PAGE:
'Syria is not safe': Protests grip Denmark over plans to deport refugees
Protests gripped Denmark on Wednesday in opposition to the government's decision to deport Syrian refugees back to the war-torn country.
The "red heart protests", backed by Amnesty International, took place in Copenhagen as well as 24 other cities and towns following the government's decision to withdraw residency permits from some Syrian refugees.
Protesters amassed in the capital Copenhagen where they held up red hearts and carried placards reading: "Syrian refugees are welcome."
The Danish government, which once supported the integration of asylum-seekers, has shifted its policy in recent years and now hopes to eventually return all refugees to their home countries.
Claiming that Damascus and the surrounding region is now safe, so far at least 380 Syrians have either had their residency permits revoked or were denied renewal and are now awaiting a final decision by the Danish Refugee Appeals Board.
Meanwhile, at least 39 Syrians who had sought refuge in Denmark have already received a final decision and have been placed in "return centres" where they are not allowed to work or pursue an education.
Since the Danish government has no diplomatic ties with Syria, it cannot actually return the refugees that have been cleared for repatriation.
"Here they will stay, separated from their families, their communities, their schools and workplaces until they can be deported," Amnesty International has said of the return centres.
Amnesty, along with several other rights groups, has expressed concern over Denmark's new policy, insisting that Syria remains far from safe.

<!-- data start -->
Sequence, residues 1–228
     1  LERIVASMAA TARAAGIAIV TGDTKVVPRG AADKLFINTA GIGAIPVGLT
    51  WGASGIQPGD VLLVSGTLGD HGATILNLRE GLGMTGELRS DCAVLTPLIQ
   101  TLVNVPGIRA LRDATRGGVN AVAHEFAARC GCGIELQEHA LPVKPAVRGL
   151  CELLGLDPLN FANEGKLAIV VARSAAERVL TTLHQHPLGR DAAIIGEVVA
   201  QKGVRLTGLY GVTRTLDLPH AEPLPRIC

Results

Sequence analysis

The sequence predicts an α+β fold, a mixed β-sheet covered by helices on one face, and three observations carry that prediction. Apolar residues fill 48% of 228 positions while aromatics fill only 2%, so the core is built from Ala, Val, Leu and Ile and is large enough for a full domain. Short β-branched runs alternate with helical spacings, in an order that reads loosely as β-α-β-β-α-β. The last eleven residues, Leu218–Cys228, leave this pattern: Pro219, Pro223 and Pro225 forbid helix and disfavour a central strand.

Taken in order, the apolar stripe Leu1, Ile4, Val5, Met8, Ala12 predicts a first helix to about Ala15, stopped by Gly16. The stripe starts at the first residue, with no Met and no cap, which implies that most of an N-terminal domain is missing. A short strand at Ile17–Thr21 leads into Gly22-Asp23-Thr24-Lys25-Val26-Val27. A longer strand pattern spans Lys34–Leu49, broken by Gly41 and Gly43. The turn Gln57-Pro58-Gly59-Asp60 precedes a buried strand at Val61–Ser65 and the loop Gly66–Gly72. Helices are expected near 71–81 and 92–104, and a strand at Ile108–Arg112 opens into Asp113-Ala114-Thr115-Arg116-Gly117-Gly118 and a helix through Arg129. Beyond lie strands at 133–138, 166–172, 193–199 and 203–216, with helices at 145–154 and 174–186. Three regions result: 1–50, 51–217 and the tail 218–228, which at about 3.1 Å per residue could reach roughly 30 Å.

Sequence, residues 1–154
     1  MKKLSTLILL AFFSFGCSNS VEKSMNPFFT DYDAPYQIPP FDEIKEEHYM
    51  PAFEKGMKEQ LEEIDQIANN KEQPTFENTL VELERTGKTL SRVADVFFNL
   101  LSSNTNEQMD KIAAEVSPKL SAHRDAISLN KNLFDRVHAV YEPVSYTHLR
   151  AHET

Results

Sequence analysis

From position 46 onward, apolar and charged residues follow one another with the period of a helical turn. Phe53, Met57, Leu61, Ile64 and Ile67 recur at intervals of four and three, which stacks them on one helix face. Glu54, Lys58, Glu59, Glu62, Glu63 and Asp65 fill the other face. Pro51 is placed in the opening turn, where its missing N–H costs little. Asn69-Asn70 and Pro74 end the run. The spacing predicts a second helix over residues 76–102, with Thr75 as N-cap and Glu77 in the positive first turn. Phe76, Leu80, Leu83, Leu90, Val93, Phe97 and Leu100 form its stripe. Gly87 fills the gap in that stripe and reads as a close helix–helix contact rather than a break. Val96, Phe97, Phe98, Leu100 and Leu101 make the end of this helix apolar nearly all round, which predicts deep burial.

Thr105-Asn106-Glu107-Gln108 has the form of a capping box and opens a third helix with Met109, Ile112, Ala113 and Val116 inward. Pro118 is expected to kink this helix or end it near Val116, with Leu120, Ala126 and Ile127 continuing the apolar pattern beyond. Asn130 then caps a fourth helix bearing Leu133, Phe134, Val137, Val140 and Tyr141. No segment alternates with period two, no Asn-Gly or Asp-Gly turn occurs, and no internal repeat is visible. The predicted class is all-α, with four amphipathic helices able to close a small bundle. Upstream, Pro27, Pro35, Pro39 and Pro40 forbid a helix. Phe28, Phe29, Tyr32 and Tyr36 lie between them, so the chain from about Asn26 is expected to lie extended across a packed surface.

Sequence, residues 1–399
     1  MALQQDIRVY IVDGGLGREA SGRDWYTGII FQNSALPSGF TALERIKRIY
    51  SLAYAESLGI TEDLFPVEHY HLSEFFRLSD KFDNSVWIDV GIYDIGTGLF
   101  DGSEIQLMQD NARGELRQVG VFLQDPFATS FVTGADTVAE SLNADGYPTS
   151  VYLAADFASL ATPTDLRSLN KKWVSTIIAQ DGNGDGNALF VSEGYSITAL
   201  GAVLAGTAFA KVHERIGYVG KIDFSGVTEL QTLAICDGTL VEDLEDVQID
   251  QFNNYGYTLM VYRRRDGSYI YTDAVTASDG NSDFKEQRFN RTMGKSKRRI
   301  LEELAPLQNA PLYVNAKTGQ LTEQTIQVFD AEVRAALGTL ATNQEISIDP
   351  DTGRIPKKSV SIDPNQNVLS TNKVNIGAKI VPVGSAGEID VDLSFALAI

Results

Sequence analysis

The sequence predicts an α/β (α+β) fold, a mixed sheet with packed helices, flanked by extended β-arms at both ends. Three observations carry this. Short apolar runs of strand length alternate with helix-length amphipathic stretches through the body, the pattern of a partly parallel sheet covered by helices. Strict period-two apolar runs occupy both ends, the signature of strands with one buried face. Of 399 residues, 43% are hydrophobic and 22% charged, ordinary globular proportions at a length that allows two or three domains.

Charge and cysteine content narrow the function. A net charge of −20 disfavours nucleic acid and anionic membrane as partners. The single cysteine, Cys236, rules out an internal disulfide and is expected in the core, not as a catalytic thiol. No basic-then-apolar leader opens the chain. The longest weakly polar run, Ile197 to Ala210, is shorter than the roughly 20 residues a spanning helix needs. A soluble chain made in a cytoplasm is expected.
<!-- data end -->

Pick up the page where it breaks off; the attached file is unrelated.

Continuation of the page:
"Bombings may have stopped in some areas in Syria, but detentions, disappearances and torture continue," Amnesty warned in a Twitter post on Wednesday.
Dan Hindsgaul, acting secretary general of Amnesty International Denmark, also warned that the organisation's research has shown that Syrians who have been sent back "are routinely subjected to interrogation by Syrian security forces".
"The security forces are known and notorious for being behind arbitrary detention, torture and murder,” Hindsgaul continued.
Using the hashtag #SyriaNotSafe, activists have highlighted such concerns, calling on Mattias Tesfaye, Denmark's migration minister for the country's centre-left Social Democrats, to reverse his decision.
Tesfaye, the son of an immigrant himself, has said that immigration is a threat to Denmark's social cohesion and its status as a Scandinavian welfare state.
Denmark's Prime Minister Mette Frederiksen doubled down on the Social Democrat party's goals while speaking to parliament earlier this year, declaring that she eventually wants the country to receive "zero asylum seekers".
"We cannot promise zero asylum seekers, but we can set up that vision, as we did before the elections," Frederiksen said at the time. "We want a new asylum system and we will do what we can to introduce it."
'Young people... after a few years in the country, have begun to dream and think in Danish'
- Natasha al-Hariri, Danish Refugee Council Youth
Tim Whyte, secretary general of Mellemfolkeligt Samvirke, a Danish NGO supporting Wednesday’s protests, said that choosing to send Syrians back sent the wrong message to Syrian President Bashar al-Assad's government.
"Denmark was once a pioneer internationally in the UN's protection of refugees. Now the Danish government, unlike all other countries, will send back Syrians and thus de facto legitimise President Assad's regime," Whyte said.
"We must say the opposite, and fortunately there are now also members of the Social Democratic governing party who are doing this," he continued.
Natasha al-Hariri, director of the Danish Refugee Council Youth (DFUNK), highlighted the struggle of youth in particular, many of whom were just getting settled in their new lives.
"Young people who have fled to Denmark, and who after a few years in the country have begun to dream and think in Danish, are now facing another violent trauma caused by the Danish government's current deportation policy. No one should be deported to the same dictator that they fled from,” Hariri said.
The area around Damascus that Copenhagen has declared to be safe includes the once-besieged Ghouta, where in 2013 the Syrian government killed thousands in a chemical weapons attack.
Around 35,000 Syrians - most of whom arrived during the war - currently live in Denmark, which has a total population of nearly 6 million people.